Parasitic worm infections are a major public health issue in many tropical and subtropical low-income communities. In the case of soil-transmitted helminthiases, schistosomiases and foodborne trematodiases, infections are transmitted by eggs released in feces or urine which contaminate soil and water bodies. A lack of access to improved sanitation and safe water increases the risk of transmission as do unsafe nutrition practices. Different helminth infections can compromise the nutritional status of infected people and animals and affect cognitive processes or induce tissue damage resulting in blindness, lymphedema and other symptoms. Certain helminths are also classified as carcinogenic agents. The morbidity and mortality caused by helminth infections can debilitate whole communities and contribute to poverty in endemic areas.
The Commitment of Swiss TPH
Swiss TPH is active in a broad range of activities related to research and control of parasitic worm infections. The work comprises basic research, drug discovery and clinical trials, evaluation and development of new diagnostic tools, modelling and mapping of risk areas and burden of disease, support of countries in building their control and elimination programmes as well as teaching and training both in Switzerland and in endemic areas.
WHO Collaborating Centre
Global elimination of schistosomiasis as a public health problem is set as target in the new World Health Organization's Neglected Tropical Diseases Roadmap for 2030. Due to a long history of interventions, the Zanzibar islands of Tanzania have reached this goal since 2017. However, challenges occur on the last mile towards interruption of transmission. This study will investigate new tools and strategies for breaking schistosomiasis transmission. The evidence and experiences generated by micro-mapping of S. haematobium infections at community level, micro-targeting of adaptive intervention approaches, and application of novel diagnostic tools can guide strategic plans for schistosomiasis elimination in Zanzibar and inform other countries aiming for interruption of transmission. Read more
The Helminth Elimination Platform (HELP) is a new consortium of research institutes, universities, not-for-profit organizations, and pharmaceutical companies, formed to develop new drugs for infections caused by parasitic worms (helminths), a debilitating group of diseases that includes river blindness, lymphatic filariasis, as well as infection with hookworm and whipworm. Together these diseases affect close to a billion people. Read more
Urogenital schistosomiasis used to be a major public health problem in Zanzibar, Tanzania. In the past century, the prevalence has been reduced significantly and the elimination of disease and interruption of transmission is now in reach. In 90 schools and communities on Unguja and Pemba island, Swiss TPH assessed if snail control or behaviour change interventions have added benefits to bi-annual mass treatment of the population with praziquantel.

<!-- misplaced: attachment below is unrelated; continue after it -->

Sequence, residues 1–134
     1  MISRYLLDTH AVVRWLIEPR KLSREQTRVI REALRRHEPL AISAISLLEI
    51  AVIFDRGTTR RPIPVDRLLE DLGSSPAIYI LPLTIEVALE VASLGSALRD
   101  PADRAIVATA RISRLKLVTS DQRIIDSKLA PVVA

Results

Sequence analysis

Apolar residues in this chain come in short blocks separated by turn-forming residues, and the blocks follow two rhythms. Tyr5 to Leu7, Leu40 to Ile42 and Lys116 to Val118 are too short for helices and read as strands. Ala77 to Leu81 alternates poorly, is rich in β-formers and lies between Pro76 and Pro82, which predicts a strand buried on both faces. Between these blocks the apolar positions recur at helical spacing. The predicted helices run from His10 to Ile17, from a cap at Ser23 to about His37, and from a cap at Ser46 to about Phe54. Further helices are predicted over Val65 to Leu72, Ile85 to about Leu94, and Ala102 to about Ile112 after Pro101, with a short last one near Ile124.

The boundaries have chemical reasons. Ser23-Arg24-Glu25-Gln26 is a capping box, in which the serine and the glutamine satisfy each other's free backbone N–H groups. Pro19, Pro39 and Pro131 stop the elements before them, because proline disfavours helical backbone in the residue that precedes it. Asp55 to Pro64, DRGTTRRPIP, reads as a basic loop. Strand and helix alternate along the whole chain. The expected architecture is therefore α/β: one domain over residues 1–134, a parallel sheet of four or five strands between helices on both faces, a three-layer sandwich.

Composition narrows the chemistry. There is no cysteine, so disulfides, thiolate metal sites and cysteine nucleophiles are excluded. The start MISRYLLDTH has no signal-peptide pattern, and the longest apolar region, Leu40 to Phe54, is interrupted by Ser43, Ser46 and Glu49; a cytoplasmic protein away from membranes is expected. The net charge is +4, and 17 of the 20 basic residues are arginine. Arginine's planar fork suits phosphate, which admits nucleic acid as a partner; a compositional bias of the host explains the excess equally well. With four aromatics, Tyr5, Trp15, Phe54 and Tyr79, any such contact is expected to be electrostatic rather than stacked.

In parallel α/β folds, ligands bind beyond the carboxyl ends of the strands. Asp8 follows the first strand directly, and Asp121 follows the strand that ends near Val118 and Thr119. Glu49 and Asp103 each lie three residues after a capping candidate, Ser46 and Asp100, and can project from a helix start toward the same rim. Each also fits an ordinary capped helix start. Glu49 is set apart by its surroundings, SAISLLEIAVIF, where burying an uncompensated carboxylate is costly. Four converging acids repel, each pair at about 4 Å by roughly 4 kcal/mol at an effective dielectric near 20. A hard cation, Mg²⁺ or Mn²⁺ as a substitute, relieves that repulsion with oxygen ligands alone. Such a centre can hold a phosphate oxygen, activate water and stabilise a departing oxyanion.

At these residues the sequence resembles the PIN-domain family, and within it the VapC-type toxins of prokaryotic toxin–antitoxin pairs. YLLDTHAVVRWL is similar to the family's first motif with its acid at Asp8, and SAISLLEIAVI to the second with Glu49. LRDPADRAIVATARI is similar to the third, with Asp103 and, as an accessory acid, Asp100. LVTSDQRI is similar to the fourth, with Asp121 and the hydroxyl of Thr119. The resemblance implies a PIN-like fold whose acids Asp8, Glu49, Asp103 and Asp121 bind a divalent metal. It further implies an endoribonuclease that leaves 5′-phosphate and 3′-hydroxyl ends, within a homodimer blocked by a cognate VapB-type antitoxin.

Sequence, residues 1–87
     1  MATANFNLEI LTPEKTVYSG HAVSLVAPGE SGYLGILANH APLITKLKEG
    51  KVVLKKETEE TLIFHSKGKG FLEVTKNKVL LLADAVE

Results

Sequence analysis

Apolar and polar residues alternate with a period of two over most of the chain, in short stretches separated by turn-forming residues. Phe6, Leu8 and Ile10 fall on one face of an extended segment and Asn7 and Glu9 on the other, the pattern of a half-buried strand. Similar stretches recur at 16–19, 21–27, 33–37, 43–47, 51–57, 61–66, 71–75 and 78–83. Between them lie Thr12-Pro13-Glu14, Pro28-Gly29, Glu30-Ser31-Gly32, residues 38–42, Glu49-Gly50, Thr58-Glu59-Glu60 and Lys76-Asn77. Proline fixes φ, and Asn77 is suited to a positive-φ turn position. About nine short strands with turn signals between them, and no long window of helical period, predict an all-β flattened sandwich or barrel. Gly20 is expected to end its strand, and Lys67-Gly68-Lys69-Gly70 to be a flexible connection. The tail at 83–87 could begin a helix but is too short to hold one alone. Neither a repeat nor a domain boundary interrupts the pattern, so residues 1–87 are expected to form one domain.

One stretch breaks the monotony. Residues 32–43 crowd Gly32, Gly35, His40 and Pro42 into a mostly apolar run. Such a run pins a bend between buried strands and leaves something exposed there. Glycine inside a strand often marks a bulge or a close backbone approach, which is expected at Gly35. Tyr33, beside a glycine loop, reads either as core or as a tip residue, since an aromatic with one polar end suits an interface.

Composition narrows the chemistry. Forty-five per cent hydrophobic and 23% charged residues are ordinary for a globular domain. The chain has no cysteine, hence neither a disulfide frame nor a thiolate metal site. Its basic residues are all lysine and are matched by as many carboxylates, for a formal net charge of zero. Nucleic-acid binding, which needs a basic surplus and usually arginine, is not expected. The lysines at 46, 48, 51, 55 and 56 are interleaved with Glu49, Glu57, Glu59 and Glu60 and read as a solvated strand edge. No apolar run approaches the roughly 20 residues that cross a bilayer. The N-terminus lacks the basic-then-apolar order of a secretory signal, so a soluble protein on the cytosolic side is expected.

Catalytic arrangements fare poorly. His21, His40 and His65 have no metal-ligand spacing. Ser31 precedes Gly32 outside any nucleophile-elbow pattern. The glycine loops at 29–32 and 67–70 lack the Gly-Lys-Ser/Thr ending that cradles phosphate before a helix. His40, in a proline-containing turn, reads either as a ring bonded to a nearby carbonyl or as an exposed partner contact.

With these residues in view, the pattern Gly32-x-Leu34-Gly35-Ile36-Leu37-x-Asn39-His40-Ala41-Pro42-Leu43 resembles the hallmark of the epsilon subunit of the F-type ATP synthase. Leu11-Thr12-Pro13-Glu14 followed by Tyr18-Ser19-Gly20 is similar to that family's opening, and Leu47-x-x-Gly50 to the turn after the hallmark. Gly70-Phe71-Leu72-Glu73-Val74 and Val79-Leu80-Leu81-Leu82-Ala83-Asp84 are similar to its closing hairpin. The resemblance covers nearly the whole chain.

Drug combinations for the treatment of soil-transmitted helminthiasis are receiving increasing attention. Swiss TPH has conducted a series of pivotal trials over the past years, for example evaluating the efficacy and safety of oxantel pamoate-albendazole. Swiss TPH also aims to conduct preliminary studies on the efficacy of albendazole and ivermectin in dose-response relationship studies in different population subgroups and study pharmacokinetic properties of ivermectin. In addition, studies have been launched to investigate the safety and efficacy of combinations including tribendimidine and moxidectin.
Despite the high prevalence of helminth infections among preschool-aged children, control programmes in sub-Saharan African countries primarily focus on school-aged populations. Swiss TPH assesses the prevalence of helminth infections and determines risk factors for infection among preschool-aged children in Dar es Salaam, Tanzania. The study also evaluates the association of helminth infection and TB in children under five, as helminth infections may impair the immune response against other infectious diseases.
The project investigates the population structure and transmission of Schistosoma and Fasciola species and their hybrids in Côte d'Ivoire using genetic methods (ddRAD sequencing, SNP analysis). The aim is to determine the exact species present, their relative frequencies, and the transmission networks between the various human and animal hosts.
O. viverrini, a liver fluke, is common in South-East Asia. Swiss TPH works on deterministic population-based and stochastic individual-based models of O. viverrini transmission. This creates a basis for comparing likely effects of different control strategies in reducing parasite transmission and burden, assessing the relative contribution of reservoir hosts, and the impacts of varying fishing practices. The project will provide a basis for rational planning of control, especially in the context of a new control programme in Lao PDR.